Federal law at 8 U.S.C. 1359 gives American Indians born in Canada who possess at least 50 per centum of blood of the American Indian race the right of entry in the United States.  As discussed earlier in this announcement, this right of entry does not equate with having satisfactory immigration status as a qualified alien. Under the USCIS implementing regulations at 8 CFR 289.2 (Lawful admission for permanent residence), such Native Americans are regarded as lawfully admitted for permanent residence ONLY IF the individual has established and maintained residence in the U.S. since his/her entry.  If so, then s/he may be regarded as a lawful permanent resident.  A lawful permanent resident is a qualified alien.  Whether an individual is a member of a recognized Indian tribe is not relevant to whether the individual is a qualified alien or to whether the individual is eligible for section 289 entry, although it is likely to be relevant for other reasons to the individual’s ability to participate in a particular Tribal TANF program.

Resources:

  • Title 8, Chapter 14 (Restricting Welfare and Public Benefits for Aliens) of the U.S. Code, available online at.
  • Interpretation of “Federal Public Benefit” -- transmitted to States on August 4, 1998 via TANF-ACF-IM-98-5. A copy of the publication has been provided online.*
  • HHS definition of means-tested public benefit -- transmitted to States on August 28, 1997 via TANF-ACF-IM-97-4, and published in the Federal Register on August 26, 1997 (62 FR 45256). A copy of this publication has been provided at Means-Tested Public Benefit*
  • Attorney General Notice of Final Order Number 2353-2001, published on January 16, 2001 in 66 FR 3613 regarding the Final Specification of Community Programs Necessary for Protection of Life or Safety Under Welfare Reform Legislation.  This Order enumerates the policy and benefits that are necessary for the protection of life or safety. A copy of this publication has been provided at AG Notice*
  • DOJ’s Interim Guidance on Verification of Citizenship, Qualified Alien Status and Eligibility Under Title IV of the Personal responsibility and Work Opportunity Reconciliation Act of 1996. A copy of this publication has been provided here at DOJ's Interim Guidance.*
  • USCIS 8 CFR Parts 289, 244, and 214 are available online.

*To view these documents download Adobe Reader

Inquiries:

Please direct any inquiries to the appropriate ACF Regional Administrator.


/s/
Sidonie Squier
Director
Office of Family Assistance



[1] For public benefit eligibility purposes, all nationals are treated like citizens. A national of the U.S. means a citizen of the U.S., or a person who, though not a citizen of the U.S., owes permanent allegiance to the U.S. Essentially, a non-citizen national is a person born in an outlying possession of the United States (American Samoa or Swains Island) on or after the date the U.S. acquired the possession, or a person whose parents are U.S. non-citizen nationals (subject to certain residency requirements).  (See 8 U.S.C. 1401 et seq. and 8 U.S.C. 1101(a)(22).)

[2] Except for the funding source, the statutory definitions of a Federal public benefit and a State or local public benefit are identical. In pertinent part, the definition of a Federal public benefit reads as follows: “Any retirement, welfare, health, disability, public or assistance housing, postsecondary education, food assistance unemployment benefit, or any other similar benefit for which payments or assistance are provided to an individual, household, or family eligibility unit by an agency of the United States or by appropriated funds of the United States.” (8 U.S.C. 1611(c) and 1621(c))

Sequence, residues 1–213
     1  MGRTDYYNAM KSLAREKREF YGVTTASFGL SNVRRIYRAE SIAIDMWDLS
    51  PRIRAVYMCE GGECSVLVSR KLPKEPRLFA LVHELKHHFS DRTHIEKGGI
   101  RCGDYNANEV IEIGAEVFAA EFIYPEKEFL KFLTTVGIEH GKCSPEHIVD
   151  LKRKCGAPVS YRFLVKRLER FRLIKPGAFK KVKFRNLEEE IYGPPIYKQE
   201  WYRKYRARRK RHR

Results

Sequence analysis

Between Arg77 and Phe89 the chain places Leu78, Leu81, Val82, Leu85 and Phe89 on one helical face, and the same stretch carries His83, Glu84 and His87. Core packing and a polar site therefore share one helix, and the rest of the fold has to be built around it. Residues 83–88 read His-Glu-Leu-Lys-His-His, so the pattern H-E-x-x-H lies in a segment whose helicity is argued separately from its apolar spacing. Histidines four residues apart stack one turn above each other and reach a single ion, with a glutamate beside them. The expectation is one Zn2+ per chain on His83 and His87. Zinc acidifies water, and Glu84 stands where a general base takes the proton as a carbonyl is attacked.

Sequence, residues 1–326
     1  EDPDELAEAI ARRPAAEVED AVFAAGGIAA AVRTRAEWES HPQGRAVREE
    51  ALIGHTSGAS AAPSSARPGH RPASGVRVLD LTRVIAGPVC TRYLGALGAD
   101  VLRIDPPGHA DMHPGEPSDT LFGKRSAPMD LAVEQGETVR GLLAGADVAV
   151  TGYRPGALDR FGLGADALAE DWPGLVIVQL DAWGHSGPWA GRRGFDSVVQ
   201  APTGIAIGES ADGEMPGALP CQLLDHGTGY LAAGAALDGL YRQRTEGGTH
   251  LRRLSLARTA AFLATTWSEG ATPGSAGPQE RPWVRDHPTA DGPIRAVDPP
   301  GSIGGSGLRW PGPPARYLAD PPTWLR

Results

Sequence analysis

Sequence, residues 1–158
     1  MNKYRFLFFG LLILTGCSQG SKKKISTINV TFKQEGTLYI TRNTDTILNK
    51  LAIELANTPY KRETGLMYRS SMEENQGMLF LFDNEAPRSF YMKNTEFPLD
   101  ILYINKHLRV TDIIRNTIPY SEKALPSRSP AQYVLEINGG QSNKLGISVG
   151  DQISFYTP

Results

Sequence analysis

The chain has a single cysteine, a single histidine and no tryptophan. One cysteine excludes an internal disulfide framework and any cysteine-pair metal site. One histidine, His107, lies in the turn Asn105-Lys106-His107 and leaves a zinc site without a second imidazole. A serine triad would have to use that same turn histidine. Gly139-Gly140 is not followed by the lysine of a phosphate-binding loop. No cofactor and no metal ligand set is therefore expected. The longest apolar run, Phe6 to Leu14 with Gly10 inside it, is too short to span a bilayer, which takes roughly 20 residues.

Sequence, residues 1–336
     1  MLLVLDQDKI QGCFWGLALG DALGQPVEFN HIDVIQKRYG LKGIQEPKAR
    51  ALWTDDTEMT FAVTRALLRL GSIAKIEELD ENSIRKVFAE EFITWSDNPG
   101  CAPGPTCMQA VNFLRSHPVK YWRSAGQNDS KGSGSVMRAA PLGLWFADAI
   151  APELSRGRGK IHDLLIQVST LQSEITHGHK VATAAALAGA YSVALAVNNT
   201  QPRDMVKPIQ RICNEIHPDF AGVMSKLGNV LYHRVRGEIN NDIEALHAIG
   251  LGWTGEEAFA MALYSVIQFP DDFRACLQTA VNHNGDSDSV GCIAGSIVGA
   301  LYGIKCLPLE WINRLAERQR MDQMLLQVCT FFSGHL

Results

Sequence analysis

The U.S Department of Health and Human Services (HHS) published an Interpretation of Federal Public Benefit in 63 FR 41658 (August 4, 1998).  This Notice was transmitted via TANF-ACF-IM-98-5, dated August 4, 1998 and applies to Federal TANF funds and to Federal TANF funds that have been commingled with State MOE funds. This Notice identified the TANF program as one of the HHS programs that provides a Federal public benefit.  The Notice also stated that “This does not mean, however, that all benefits or services provided by these programs (including the TANF program) are Federal public benefits…”  The Notice includes discussion on how to discern whether a benefit should be considered a Federal public benefit. For example, a use of TANF funds that may not meet the definition of a “Federal public benefit” might include pregnancy prevention services that are available to individuals regardless of financial need.

It is generally up to the State to determine whether the benefit(s) it provides with MOE funds that have not been commingled with Federal TANF funds constitutes a State or local public benefit.

[3] States (including D.C., the U.S. Virgin Islands, Puerto Rico, and Guam) may decide whether or not to provide a Federal TANF public benefit (or a MOE-funded public benefit) to otherwise eligible qualified aliens (8 U.S.C. 1612(b)(1) and 1622).  If a State decides NOT to help qualified aliens, then the State MUST permit the following exempted qualified aliens who meet the State's eligibility criteria to receive TANF benefits for five years after the date of entry into the U.S. or the date asylum or withholding of deportation was granted: refugees (and victims of severe forms of trafficking and certain family members), asylees, aliens whose deportation has been withheld, Amerasians, and Cuban/Haitian entrants.  Also, States MUST help the following exempted qualified aliens for as long as they remain programmatically eligible: legal permanent residents who have worked forty qualifying quarters after 12/31/96 and have not received any Federal means-tested public benefit during any such period, or to aliens who are veterans, members of the military on active duty, and their spouses and unmarried dependents. Per the U.S. Code at 8 U.S.C. 1641(a), Tribes do not have the authority to decide whether or not to help qualified aliens. Hence, Tribal TANF programs must provide a Federal TANF public benefit to eligible qualified aliens in its service population who meet all of the Tribe’s TANF program requirements.